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Model RR - Creating Graphic Control Panels
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I have been successful at creating some graphic and attention-getting control panels that are worth the time it takes to make them.  I draw the track schematic to the actual size of the panel using any number of programs which have basic drawing tools.  My favorite is Adobe Photoshop 7.  I select colors that contrast and I measure carefully to assure that spacing is adequate to install toggle switches and indicator LED's.  When the plan is accurate and completed, I mark the centers for the holes to be drilled on a second but otherwise identical file.  I print that copy as a drilling template, sandwich it between 3/16" sheets of Plexiglas, clamp securely, and drill the holes.  I do this to avoid tearing the original while drilling the holes.  Then I separate, clean the edges of the holes with a sharp #5 blade, print the original on very thin high-quality inkjet paper, reassemble the sandwich, cut the holes through the paper with an sharp #5 blade,  mount the sandwich in the panel frame, and mount the toggle switches.  The toggles hold the sandwich tight together even in the center of the panel.  The control panel is now ready to be wired.  LED's can be used behind the panel to illuminate it.
To play slide show, click on the 1st picture.
Control panel for Griffith City is installed on the front edge of the layout.
Detail of panel with indicator LED's, push button switches for turnout control, and toggle switches for track power.
I start the design layout by drawing a schematic of the track plan and include some key structures and track references.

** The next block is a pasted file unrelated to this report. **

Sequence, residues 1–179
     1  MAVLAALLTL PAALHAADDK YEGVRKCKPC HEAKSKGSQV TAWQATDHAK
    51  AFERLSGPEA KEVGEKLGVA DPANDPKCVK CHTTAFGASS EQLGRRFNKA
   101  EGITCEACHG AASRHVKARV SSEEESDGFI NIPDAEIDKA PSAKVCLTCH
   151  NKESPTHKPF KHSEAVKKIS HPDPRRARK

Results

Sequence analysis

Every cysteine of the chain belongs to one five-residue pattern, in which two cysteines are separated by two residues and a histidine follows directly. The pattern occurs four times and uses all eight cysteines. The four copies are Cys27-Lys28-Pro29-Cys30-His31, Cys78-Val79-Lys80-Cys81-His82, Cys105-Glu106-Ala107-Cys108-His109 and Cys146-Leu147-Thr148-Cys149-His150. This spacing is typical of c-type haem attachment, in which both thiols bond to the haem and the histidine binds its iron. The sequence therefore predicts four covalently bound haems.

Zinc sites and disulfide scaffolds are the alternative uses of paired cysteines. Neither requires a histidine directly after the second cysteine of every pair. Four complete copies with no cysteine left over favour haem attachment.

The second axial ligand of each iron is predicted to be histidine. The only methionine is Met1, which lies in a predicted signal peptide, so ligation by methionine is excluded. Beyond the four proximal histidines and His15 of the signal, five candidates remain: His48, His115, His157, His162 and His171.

Inkjet printout of the finished track plan.  I always use a black background and contrasting colors.  This panel can be illuminated from behind by LED's.
This is a drilling template (not the same panel) showing the placement of toggles and LED's.  The toggles are the actual size; so the placement and spacing on the schematic can be accurately checked.
The hinges for this panel are on the bottom; so it opens face down and flat.  It is easy to complete the wiring from a chair.  Notice the backside of the toggles and panel mounted LED's.
I place all the terminal connections and resistor networks inside the bottom of the panel.  Only wires run under the layout.
The is the finished control panel for the staging yards.  Here I have used momentary toggles to align the turnouts instead of push buttons.  There is a direction indicator at the top because this area is totally hidden, except for video.
This is the drilling plan for the same control panel.  Alignment and spacing of the toggles was critical.
This panel is hinged on the side to swing open horizontally.  There are so many wires for the LED indicators that the panel has to be carefully closed. Also It is so thin that most wire connections are located below it instead of behind it.